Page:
Back to the top

What is cyanide? Cyanide is a rapidly acting, potentially deadly chemical that can exist in various forms. Cyanide can be a colorless gas, such as hydrogen cyanide (HCN) or cyanogen chloride (CNCl), or a crystal form such as sodium cyanide (NaCN) or potassium cyanide (KCN). Cyanide sometimes is described as having a “bitter almond” smell, but it does not always give off an odor, and not everyone can detect this odor.

What are the signs and symptoms of exposure to cyanide? People exposed to a small amount of cyanide by breathing it, absorbing it through their skin, or eating foods that contain it may have some or all of the following symptoms within minutes:

  • Rapid breathing
  • Restlessness
  • Dizziness
  • Weakness
  • Headache
  • Nausea and vomiting
  • Rapid heart rate

Exposure to a large amount of cyanide by any route may cause these other health effects as well:

  • Convulsions
  • Low blood pressure
  • Slow heart rate
  • Loss of consciousness
  • Lung injury
  • Respiratory failure leading to death

Showing these signs and symptoms does not necessarily mean that a person has been exposed to cyanide.

Back to the top

What is sulfur mustard?(mustard gas) Sulfur mustard is a type of chemical warfare agent. These kinds of agents are called vesicants or blistering agents, because they cause blistering of the skin and mucous membranes on contact. Sulfur mustard is also known as “mustard gas or mustard agent, or by the military designations H, HD, and HT. Sulfur mustard sometimes smells like garlic, onions, or mustard and sometimes has no odor. It can be a vapor (the gaseous form of a liquid), an oily-textured liquid, or a solid.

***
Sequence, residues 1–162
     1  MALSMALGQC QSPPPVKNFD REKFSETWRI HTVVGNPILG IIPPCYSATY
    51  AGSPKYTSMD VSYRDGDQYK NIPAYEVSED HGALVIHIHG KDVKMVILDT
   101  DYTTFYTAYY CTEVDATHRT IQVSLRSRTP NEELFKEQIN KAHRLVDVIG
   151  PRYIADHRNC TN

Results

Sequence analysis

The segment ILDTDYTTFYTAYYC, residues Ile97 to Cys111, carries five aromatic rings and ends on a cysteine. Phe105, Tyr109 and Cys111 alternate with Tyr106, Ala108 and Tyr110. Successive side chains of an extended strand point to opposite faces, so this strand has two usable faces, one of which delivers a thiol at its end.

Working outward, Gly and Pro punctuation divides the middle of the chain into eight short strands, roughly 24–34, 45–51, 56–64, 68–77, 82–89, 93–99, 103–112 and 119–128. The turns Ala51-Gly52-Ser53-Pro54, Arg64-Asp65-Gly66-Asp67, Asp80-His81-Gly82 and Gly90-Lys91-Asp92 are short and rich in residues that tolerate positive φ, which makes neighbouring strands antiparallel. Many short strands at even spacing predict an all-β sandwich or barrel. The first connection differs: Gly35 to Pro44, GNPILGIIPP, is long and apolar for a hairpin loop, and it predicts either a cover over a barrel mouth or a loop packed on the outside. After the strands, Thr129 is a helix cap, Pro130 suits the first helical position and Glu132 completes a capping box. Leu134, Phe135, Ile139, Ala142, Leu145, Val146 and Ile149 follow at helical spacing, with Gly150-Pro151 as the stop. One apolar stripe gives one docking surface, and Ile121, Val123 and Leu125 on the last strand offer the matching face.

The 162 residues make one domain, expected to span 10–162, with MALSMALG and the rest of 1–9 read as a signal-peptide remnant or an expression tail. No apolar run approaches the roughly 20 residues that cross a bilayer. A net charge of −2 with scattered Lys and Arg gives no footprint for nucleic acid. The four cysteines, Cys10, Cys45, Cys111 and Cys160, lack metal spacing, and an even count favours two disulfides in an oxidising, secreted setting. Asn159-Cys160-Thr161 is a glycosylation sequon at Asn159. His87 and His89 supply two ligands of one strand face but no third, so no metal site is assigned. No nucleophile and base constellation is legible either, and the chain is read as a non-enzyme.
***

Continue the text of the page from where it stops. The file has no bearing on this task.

What are the signs and symptoms of sulfur mustard exposure? Exposure to sulfur mustard is usually not fatal. When sulfur mustard was used during World War I, it killed fewer than 5% of the people who were exposed and got medical care. People may not know right away that they have been exposed, because sulfur mustard often has no smell or has a smell that might not cause alarm. Typically, signs and symptoms do not occur immediately. Depending on the severity of the exposure, symptoms may not occur for 2 to 24 hours. Some people are more sensitive to sulfur mustard than are other people, and may have symptoms sooner. Sulfur mustard can have the following effects on specific parts of the body: